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Stanley
Local Historian & Old Fart


36804 Posts
Posted -  15/12/2007  :  07:03
I thought it might be a good thing to have a topic devoted to this important subject.


Stanley Challenger Graham




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stanley at barnoldswick.freeserve.co.uk
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Tizer
VIP Member


5150 Posts
Posted - 26/10/2010 : 16:27
"I've never quite understood why people like old windmills but hate the new turbines." (SG)

In my case it's not due to being nostalgic and averse to everything modern but because a wind farm somehow seems very inefficient in use of land and sky above it. I know they can produce a lot of electricity but good grief look at the size of them, so they should! It seems a bit like building WW2 battleships to fight a 21st century war. All the effort goes into erecting the darn things and nobody is bothered about creating a better way of harvesting wind energy. We ought to get Mr Dyson and his innovators on board and ask them to come up with something better. Have you seen his bladeless alternative to the ubiquitous fan? I don't know how it works but perhaps we could reverse the technology to generate electricity. Why does it have to be gigantic fan blades? (Rant over!!)

http://www.dyson.com/fans

Edited by - Tizer on 26/10/2010 16:28:04


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panbiker
Senior Member


2300 Posts
Posted - 26/10/2010 : 17:10
There is a bit of an explanation of how they work on your website link Tiz, or better to say hints at the technology, Mr Dyson says they use airfoil techniques. No real explanation of how you multiply air out to air in in such a small unit. The ring is static in the Dyson fan so how the airfoil principle works in this configuration beats me. Normally an airfoil as used in an aircraft wing is propelled trough the air by thrust creating lift by the pressure differentiation above and below the airfoil. Interesting technology but would like to know more. Does not appear to have any moving parts so it would be a bit difficult to run a turbine with it.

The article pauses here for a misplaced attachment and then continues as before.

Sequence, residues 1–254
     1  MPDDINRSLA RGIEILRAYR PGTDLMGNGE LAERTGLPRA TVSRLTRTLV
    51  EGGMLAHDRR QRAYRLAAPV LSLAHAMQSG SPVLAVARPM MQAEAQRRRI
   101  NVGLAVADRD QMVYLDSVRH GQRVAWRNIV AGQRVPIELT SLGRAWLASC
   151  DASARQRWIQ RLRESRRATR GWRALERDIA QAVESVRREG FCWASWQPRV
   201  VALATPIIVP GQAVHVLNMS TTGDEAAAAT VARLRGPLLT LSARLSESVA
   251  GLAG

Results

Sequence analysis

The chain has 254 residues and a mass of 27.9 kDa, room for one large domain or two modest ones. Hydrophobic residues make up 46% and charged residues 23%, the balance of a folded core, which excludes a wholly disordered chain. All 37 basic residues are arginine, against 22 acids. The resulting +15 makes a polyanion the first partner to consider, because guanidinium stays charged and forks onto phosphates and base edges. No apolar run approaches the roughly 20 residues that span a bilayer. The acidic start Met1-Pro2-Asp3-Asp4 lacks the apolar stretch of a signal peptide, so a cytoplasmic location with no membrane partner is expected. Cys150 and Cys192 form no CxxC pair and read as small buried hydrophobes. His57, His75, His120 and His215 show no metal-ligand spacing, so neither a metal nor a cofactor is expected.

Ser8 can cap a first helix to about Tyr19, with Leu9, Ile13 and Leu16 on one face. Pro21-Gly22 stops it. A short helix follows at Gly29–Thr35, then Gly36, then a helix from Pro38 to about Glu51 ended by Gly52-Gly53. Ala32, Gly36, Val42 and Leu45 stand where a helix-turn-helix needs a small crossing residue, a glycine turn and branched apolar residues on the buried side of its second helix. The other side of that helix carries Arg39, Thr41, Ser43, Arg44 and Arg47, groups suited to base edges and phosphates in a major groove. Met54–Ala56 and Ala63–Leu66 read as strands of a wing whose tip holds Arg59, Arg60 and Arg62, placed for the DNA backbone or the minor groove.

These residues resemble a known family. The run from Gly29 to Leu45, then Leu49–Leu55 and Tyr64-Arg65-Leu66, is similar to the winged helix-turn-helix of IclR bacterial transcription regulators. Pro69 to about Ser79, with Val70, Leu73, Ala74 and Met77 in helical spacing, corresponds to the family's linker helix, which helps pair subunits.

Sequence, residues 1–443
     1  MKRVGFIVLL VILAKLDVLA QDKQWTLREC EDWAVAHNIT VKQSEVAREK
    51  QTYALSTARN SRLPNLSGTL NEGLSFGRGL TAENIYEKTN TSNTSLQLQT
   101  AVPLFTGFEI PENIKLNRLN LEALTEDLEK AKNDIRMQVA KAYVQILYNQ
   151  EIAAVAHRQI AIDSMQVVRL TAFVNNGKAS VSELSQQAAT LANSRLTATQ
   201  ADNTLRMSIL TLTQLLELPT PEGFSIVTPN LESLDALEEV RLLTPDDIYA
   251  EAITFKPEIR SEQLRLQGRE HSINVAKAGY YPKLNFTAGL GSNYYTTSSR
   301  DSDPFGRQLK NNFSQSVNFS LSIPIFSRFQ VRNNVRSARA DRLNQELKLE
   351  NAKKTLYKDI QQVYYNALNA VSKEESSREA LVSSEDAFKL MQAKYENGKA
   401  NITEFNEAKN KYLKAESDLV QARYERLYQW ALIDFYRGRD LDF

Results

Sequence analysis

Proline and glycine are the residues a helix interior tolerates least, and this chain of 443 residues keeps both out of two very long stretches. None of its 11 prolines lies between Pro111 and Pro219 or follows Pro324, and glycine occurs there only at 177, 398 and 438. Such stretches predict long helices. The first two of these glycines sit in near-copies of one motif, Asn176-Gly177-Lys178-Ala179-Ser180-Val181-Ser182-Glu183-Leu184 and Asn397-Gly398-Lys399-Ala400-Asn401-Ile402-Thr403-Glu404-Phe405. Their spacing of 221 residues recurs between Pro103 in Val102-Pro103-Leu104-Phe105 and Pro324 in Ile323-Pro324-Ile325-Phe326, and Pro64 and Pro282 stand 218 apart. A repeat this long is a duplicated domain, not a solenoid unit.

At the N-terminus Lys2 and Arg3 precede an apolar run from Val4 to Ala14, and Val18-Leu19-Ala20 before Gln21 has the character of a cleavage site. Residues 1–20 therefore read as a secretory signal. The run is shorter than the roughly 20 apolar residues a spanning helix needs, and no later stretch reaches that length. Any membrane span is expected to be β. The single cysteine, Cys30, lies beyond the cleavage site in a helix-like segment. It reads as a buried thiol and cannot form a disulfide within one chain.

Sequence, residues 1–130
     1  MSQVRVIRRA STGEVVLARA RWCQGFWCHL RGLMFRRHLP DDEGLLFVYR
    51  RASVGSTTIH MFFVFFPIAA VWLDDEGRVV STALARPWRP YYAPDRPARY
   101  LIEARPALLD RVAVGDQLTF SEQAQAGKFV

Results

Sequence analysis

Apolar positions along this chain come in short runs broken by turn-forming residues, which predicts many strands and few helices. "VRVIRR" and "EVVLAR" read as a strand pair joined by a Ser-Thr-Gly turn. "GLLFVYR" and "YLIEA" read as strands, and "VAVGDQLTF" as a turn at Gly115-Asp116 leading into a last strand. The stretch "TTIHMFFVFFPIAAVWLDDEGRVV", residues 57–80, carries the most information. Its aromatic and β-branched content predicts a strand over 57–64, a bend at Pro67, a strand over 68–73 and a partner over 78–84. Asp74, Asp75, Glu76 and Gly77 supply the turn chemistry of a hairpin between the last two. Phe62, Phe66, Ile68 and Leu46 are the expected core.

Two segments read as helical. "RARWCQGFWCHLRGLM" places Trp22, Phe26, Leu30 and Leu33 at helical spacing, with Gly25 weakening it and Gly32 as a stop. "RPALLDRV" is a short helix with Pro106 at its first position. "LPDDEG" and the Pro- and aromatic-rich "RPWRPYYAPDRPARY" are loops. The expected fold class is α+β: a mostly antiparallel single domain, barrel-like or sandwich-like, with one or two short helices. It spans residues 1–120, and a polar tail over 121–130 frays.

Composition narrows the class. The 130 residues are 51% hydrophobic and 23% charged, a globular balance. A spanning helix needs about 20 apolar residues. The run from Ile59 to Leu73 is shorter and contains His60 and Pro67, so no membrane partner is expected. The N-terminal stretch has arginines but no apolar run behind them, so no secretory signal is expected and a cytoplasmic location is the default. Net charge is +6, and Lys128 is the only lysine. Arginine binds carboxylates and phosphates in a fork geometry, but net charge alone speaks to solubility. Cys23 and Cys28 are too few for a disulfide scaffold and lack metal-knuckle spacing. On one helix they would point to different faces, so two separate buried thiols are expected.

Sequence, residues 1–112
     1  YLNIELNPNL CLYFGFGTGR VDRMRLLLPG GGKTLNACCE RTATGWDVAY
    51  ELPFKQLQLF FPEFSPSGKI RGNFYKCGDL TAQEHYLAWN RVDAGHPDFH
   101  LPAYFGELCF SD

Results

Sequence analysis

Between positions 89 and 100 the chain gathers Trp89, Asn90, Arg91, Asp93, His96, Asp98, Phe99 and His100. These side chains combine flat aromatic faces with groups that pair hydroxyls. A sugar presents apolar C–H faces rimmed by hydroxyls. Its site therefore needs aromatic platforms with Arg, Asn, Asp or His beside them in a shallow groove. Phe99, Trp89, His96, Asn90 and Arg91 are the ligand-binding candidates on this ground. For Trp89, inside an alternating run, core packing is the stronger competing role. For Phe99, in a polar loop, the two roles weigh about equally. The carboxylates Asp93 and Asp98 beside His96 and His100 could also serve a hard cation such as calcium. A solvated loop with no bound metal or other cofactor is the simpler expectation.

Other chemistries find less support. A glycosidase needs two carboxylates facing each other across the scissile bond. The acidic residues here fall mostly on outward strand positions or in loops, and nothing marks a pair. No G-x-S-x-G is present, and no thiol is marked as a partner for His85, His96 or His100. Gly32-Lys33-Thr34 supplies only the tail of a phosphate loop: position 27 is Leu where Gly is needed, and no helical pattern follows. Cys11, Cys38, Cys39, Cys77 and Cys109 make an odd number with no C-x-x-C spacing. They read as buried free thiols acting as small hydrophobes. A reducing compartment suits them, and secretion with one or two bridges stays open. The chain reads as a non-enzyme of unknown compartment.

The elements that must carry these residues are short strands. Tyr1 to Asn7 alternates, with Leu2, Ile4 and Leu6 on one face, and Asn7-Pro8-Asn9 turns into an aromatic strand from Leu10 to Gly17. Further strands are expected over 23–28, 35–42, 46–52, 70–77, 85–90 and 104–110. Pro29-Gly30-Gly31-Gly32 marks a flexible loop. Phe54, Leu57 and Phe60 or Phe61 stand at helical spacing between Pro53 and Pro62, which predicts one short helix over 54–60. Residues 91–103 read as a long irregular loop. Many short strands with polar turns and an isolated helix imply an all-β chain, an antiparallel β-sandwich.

Edited to include this link: 

http://www.dyson.com/international/default.asp?lang=en

This does explain a bit more but what creates the moving air in the first place?

Edited by - panbiker on 26/10/2010 17:14:35


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pluggy
Geek


1164 Posts
Posted - 26/10/2010 : 18:28
If wind turbines made the same noise as Dyson vacuums, the NIMBYs would be up in arms.  How much power you can extract from moving air is directly proportional to the swept area of the blades, so to extract a lot of power from wind, you need a large swept area.  Interestingly increasing the number of blades within the swept area  can work against you.  Modern wind turbines with the almost universal 3 blades are far more efficient than the many bladed wind pumps so beloved of the western US




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Big Kev
Big


2650 Posts
Posted - 26/10/2010 : 19:13
http://gizmodo.com/5385011/how-dysons-blade+less-fan-works

 Pretty little video.

 My understanding is the fast moving air would create lower pressure in the ring therefore dragging more air, from outside, through it.

 


Big Kev

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pluggy
Geek


1164 Posts
Posted - 26/10/2010 : 19:25
Kind of a overhyped version of a decades old technology that presented itself in numerous forms.  The old Navy guys will probably the remember the steam ejector http://en.wikipedia.org/wiki/Injector which works on exactly the same principal. You squirt steam through it and it moves a larger volume of air, gas, oil, bilge water, effulent, you name it. The Dyson uses compressed air as a propellant and just moves air.